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Publication | 2022

Food Systems Profile - Mozambique - Catalysing the sustainable and inclusive transformation of food systems

For the transition to sustainable food systems, the systemic levers identified are:

  • Supporting family farming, including women and young people, in diversifying production. This would be done in conjunction with strengthened social protection programmes, supported by development and private sector partners and civil society actors.

  •  Foster public-private partnerships to invest in essential food-processing infrastructure, such as cold storage (and support smallholder farmers to develop improved post-harvest techniques), together with public investment in road infrastructure to reduce food losses, increasing food availability

  • Promote inclusive and sustainable value chains, improving market access for producers and supporting other actors (e.g. food processors) in further integrating the value chain. This would involve: (i) fostering agricultural marketing associations and cooperatives (in agriculture, livestock and fisheries/aquaculture) to increase their capabilities and capacities to aggregate produce from subsistence and small-scale farmers, herders, and fishers; (ii) supporting farmers to increase their production sustainably both in volume and in quality. Specific actions could include exploring opportunities for organic agricultural production systems, and also exploring science-smart alternatives that facilitate climate change adaptation; and (iii) addressing key market constraints (storage for horticulture products, environmentally-friendly processing for cassava, quality incentives and traders’ working capital for livestock), etc.

  • Development of appropriate public and private services in support of inclusive value chain development. This would enhance value chain development through improved access to rural finance and appropriate financial products, upgrading infrastructure (including electricity, rural roads) and developing transport services for all actors in the value chains.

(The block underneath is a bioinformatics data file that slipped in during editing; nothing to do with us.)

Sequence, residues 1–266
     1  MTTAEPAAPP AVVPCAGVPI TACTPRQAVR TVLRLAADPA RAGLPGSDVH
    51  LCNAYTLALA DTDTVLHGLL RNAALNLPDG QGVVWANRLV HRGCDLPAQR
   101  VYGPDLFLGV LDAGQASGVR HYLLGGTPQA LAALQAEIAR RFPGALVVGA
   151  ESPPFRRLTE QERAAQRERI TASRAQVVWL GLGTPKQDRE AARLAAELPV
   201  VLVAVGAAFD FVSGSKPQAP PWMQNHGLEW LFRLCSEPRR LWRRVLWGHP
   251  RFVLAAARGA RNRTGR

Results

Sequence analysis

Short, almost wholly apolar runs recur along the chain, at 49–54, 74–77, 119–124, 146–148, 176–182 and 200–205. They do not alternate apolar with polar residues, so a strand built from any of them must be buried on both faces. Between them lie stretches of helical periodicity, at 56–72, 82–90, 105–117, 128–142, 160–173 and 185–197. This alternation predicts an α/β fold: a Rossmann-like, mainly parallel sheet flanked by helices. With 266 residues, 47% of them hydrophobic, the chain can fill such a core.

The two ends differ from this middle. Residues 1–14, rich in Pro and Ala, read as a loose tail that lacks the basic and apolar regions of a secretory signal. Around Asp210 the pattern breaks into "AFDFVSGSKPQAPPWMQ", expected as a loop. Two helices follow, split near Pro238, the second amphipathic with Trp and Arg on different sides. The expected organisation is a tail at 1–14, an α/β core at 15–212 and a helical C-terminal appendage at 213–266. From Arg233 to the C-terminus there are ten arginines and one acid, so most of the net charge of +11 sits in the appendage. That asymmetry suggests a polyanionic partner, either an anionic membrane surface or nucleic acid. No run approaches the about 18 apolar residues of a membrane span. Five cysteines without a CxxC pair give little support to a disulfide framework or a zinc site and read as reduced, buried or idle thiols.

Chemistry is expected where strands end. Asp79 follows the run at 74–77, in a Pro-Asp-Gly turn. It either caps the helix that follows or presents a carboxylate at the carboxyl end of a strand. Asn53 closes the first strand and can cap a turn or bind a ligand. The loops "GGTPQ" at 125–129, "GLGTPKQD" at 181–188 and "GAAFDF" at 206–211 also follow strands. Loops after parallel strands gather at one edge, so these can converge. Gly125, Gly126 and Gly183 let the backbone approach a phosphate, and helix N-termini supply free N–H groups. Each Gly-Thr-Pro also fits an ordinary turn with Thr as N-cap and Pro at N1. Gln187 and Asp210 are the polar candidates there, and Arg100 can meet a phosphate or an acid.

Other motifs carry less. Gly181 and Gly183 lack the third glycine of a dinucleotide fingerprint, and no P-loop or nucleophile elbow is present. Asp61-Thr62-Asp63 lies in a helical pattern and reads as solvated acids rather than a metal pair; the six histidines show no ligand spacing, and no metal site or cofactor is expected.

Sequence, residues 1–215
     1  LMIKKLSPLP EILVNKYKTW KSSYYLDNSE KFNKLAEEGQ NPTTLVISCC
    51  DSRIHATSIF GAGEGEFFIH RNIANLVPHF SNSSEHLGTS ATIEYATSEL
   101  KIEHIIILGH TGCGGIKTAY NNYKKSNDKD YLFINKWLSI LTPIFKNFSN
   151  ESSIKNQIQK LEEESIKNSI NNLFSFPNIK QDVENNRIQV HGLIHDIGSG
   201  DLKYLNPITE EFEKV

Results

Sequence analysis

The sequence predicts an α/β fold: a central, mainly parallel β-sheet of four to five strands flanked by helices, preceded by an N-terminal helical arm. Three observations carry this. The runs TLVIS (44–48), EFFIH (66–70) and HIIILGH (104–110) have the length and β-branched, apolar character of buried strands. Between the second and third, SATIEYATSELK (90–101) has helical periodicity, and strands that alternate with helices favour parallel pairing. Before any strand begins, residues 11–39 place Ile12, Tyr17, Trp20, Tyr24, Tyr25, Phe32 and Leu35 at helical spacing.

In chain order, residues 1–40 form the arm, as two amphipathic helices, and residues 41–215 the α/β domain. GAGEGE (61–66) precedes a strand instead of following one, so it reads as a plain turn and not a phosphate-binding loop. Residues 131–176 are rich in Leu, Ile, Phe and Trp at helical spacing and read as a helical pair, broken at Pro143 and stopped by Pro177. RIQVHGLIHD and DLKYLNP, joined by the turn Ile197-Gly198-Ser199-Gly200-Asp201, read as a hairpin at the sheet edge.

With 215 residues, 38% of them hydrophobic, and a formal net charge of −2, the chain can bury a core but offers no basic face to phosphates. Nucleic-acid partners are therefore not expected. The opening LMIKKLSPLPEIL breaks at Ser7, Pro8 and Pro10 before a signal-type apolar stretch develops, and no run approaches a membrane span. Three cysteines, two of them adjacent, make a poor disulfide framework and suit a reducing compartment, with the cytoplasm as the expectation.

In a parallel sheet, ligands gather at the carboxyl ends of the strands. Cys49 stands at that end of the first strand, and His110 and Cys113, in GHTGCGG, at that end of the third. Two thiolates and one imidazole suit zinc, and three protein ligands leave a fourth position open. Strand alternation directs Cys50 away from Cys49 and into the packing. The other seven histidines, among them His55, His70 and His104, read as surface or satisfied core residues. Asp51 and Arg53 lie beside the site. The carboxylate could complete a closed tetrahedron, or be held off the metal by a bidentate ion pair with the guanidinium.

• Strengthen natural resource governance mechanisms at the provincial and district levels to facilitate implementation of regulatory instruments dealing with overexploitation (such as conservation laws, tools for stopping illegal wildlife and timber trafficking, illegal fishing and uncontrolled forest fires), as well as  unsustainable agricultural practices.

  • Strengthen community-based management practices for water resources, forests and biodiversity, in combination with supporting sustainable farming systems. Specific actions could include exploring opportunities for agroecological production systems and for climate-smart agricultural practices and technologies. These efforts could be combined with devolving user rights, strengthening community-based organizations and ensuring value addition at local level, e.g. for timber, non-timber forest products and fish.

  • Strengthen territorial governance mechanisms to mobilize public funding for strategic rural infrastructure and basic services (roads, electricity, water and sanitation, education and health) in order to attract private investments (specifically to underdeveloped regions in the North and Central areas).

  • Foster and promote investments in sustainable local food systems that increase the availability of nutritious food and improve rural livelihoods while increasing communities’ resilience to climate-related shocks. Key targets would be rural communities, including fishers, women and young people, and intermediate cities. Policies should accordingly also support the transformation of family farms into commercial units. For this to happen, policies must, for example, further the integration of small farmers into diversified value chains with high market potential, while strengthening their capacities (e.g. through enhanced producer organizations). That would enable them to participate and negotiate their integration in local supply chains in ways that increase their income and improve living conditions.